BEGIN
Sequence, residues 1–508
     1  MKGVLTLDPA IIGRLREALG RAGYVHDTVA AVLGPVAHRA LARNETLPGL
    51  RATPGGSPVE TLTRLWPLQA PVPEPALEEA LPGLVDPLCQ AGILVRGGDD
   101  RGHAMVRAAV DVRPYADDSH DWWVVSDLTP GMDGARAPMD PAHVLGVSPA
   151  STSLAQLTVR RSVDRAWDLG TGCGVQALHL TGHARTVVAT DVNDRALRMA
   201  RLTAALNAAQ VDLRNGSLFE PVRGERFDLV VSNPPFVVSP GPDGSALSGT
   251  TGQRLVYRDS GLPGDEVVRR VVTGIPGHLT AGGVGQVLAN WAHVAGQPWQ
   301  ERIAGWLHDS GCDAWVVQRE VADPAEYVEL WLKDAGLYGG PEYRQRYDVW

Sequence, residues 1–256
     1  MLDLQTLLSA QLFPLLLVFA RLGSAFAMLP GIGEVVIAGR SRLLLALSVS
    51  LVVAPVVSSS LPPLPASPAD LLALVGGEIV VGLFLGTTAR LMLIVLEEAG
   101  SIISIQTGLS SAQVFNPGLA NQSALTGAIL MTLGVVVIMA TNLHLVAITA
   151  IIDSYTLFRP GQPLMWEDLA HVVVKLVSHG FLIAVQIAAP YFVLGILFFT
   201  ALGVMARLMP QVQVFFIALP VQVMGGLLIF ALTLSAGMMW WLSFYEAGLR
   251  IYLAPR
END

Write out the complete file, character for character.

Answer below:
Sequence, residues 1–508
     1  MKGVLTLDPA IIGRLREALG RAGYVHDTVA AVLGPVAHRA LARNETLPGL
    51  RATPGGSPVE TLTRLWPLQA PVPEPALEEA LPGLVDPLCQ AGILVRGGDD
   101  RGHAMVRAAV DVRPYADDSH DWWVVSDLTP GMDGARAPMD PAHVLGVSPA
   151  STSLAQLTVR RSVDRAWDLG TGCGVQALHL TGHARTVVAT DVNDRALRMA
   201  RLTAALNAAQ VDLRNGSLFE PVRGERFDLV VSNPPFVVSP GPDGSALSGT
   251  TGQRLVYRDS GLPGDEVVRR VVTGIPGHLT AGGVGQVLAN WAHVAGQPWQ
   301  ERIAGWLHDS GCDAWVVQRE VADPAEYVEL WLKDAGLYGG PEYRQRYDVW

Sequence, residues 1–256
     1  MLDLQTLLSA QLFPLLLVFA RLGSAFAMLP GIGEVVIAGR SRLLLALSVS
    51  LVVAPVVSSS LPPLPASPAD LLALVGGEIV VGLFLGTTAR LMLIVLEEAG
   101  SIISIQTGLS SAQVFNPGLA NQSALTGAIL MTLGVVVIMA TNLHLVAITA
   151  IIDSYTLFRP GQPLMWEDLA HVVVKLVSHG FLIAVQIAAP YFVLGILFFT
   201  ALGVMARLMP QVQVFFIALP VQVMGGLLIF ALTLSAGMMW WLSFYEAGLR
   251  IYLAPR